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Indigenous and Antiracist Innovators Summit: Action over Allyship

During the Indigenous and Antiracist Innovators Summit, Solve gathered an intimate group of leaders and entrepreneurs to uplift and celebrate the individuals doing important work in reimagining Indigenous and antiracist futures for the United States. The annual summit is Solve’s flagship event for the Indigenous Communities Fellowship program, now in its fifth year. This year, Solver teams chosen as solutions to the Antiracist Technology in the US Challenge also gathered at the summit.

Here are a few key takeaways from the conversations that took place: 

The difficulty of imposter syndrome

Katlyn Turner, Research Scientist in the Space Enabled Research Group at the MIT Media Lab, and the Technology Director of the MIT Media Lab’s Antiracism, Design and Technology Initiative, moderated a plenary on breaking imposter syndrome where panelists discussed how organizations or institutions play an active role in fostering this syndrome.  

Delphanie Daniels, Community Engagement Director at Best Buy shared that in past roles, she was seen as a person who got everything done but was not met with recognition or reward. She added, “It makes you question your self-worth. And then you take that trauma to another job or another role and it becomes compound trauma. Then, you live in the confines of racism every single day.”

(Left to right: Daniels, Rule, Fields, Turner)

Elizabeth Rule, a 2020 Indigenous Communities Fellow and Assistant Professor of Critical Race, Gender, and Culture Studies at American University explained that hiding data has emboldened imposter syndrome in her as an Indigenous person. She has witnessed institutions failing to acknowledge their demographic shortcomings. “My personal stance on that is, if [the population is] zero…you need to put the zero on there and show everyone that you don't have any Native people here and fix it.” 

While education can combat systems that foster imposter syndrome, Rule reminded us that expecting the most marginalized people within an organization to fix power dynamics can be depleting work. “If you add that labor of educating everyone else without compensation, that is an extractive system,” she said. 

Rhonda Fields, Senior Manager, Corporate Giving at General Motors concluded by sharing, “We work hard because we want to be seen and get those promotions, but at what cost? I don't think I’ve broken my imposter syndrome yet, but I do know that it has served me to a point, but when will it break?”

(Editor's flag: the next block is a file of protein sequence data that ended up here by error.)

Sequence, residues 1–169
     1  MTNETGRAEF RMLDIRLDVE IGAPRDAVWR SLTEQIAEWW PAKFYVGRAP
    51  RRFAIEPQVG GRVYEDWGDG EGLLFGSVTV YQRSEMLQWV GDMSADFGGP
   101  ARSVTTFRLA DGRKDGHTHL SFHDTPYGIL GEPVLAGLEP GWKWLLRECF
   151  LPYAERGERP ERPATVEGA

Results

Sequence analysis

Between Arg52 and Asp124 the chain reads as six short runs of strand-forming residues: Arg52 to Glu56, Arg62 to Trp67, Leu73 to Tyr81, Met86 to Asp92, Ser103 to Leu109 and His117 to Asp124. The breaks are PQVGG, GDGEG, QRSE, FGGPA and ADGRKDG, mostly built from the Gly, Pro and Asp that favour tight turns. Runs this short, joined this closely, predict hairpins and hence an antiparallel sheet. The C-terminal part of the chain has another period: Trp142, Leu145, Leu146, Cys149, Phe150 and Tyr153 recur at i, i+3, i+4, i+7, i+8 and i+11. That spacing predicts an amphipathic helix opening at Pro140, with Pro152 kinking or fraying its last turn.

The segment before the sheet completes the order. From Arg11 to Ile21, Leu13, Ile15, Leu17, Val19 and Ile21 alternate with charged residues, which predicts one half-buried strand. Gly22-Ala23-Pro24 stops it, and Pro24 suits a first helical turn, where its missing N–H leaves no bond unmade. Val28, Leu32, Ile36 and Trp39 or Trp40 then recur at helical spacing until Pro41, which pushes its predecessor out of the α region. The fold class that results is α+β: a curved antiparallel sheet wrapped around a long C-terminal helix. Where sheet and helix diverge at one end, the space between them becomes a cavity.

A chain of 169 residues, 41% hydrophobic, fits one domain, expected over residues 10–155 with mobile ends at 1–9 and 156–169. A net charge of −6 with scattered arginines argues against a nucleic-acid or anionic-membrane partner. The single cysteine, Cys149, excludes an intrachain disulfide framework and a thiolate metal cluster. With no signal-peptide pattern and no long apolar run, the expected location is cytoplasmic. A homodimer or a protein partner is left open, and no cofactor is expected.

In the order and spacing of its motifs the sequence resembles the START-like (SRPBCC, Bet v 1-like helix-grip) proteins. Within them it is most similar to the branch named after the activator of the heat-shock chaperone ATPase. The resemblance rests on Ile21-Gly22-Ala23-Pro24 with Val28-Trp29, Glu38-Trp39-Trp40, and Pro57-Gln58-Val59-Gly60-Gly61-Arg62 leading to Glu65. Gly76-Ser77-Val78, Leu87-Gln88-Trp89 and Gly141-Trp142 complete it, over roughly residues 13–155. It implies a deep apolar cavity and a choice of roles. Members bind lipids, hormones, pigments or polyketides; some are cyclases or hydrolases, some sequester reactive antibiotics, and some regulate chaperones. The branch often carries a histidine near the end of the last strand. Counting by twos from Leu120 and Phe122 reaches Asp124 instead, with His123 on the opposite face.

Get in the trenches to support marginalized populations

During the Allies in Innovation Plenary, Genesis Garcia, Officer, US Community at MIT Solve asked the panel what their definition of a true ally is.

Marimba Milliones, President and CEO at Hill CDC explained her point of view, “I'm not a fan of the term ally, it falls short of the word friend…It’s not enough to be friend-like. I need people in the trenches wherever they may be. If those trenches are in philanthropy, on the street, in academia, I need you in those trenches. 

On the topic of philanthropy, Meme Styles, a 2021 Antiracist Technology Solver and President at MEASURE shared, “Philanthropic racism has perpetuated the system…You look good because you gave money. We have to take a step back from it being so focused on stealing the bottom line.”

Combating oppression through unification and healing

(Summit attendees gather for dinner after the first night of the gathering)

Fostering joy and prioritizing mental health is a critical need for marginalized communities. 

Danielle Boyer, Youth Founder and Activist at The STEAM Connection shared, “In corporate settings and in business settings, it's uncomfortable to talk about mental health. We talk about mental health more and we post about it online but we don't handle or address it. I think it’s very important for us to put that into our work.”

Damon Jenkins, Senior Vice President at First Independence Bank expressed his call to action, “Just like there were laws in place to harm Black people, we need system laws to support Black people. Don’t just shell out money, shell out opportunity and resources and connections. Mental illness is a real thing. Let’s get serious about it, and address it, and put resources to it. If we had access to health care and got people to home ownership, now we’re introducing intergenerational wealth.”

(Slater addresses the audience on the first day of the Indigenous and Antiracist Innovators Summit)

What’s Next 

Boyer noted, “We talked about representation, that’s awesome, but it’s very hard to gain footing when it’s representation in someone else's system and they have power there. We need to lead our own solutions for our own communities, and this looks like different things for all of us.”

The summit created a brave space for collaboration and dialogue within these communities, while also reiterating the need for bold antiracist leaders looking to get “in the trenches” to make that future a reality.

“You can’t stand in the last hour, there is such a thing as showing up too late,” said Aaron Slater, Senior Officer, Indigenous Community at MIT Solve.

Solve will reveal its fifth cohort of Indigenous Communities Fellows and its first class of Black and Brown Innovators during Solve Challenge Finals in New York City on September 18. It will also unveil how over $2 million in funding will be invested to support the new class of Solver teams. Learn more about the event here.

Indigenous Communities

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Indigenous and Antiracist Innovators Summit

Hilton Minneapolis, MN

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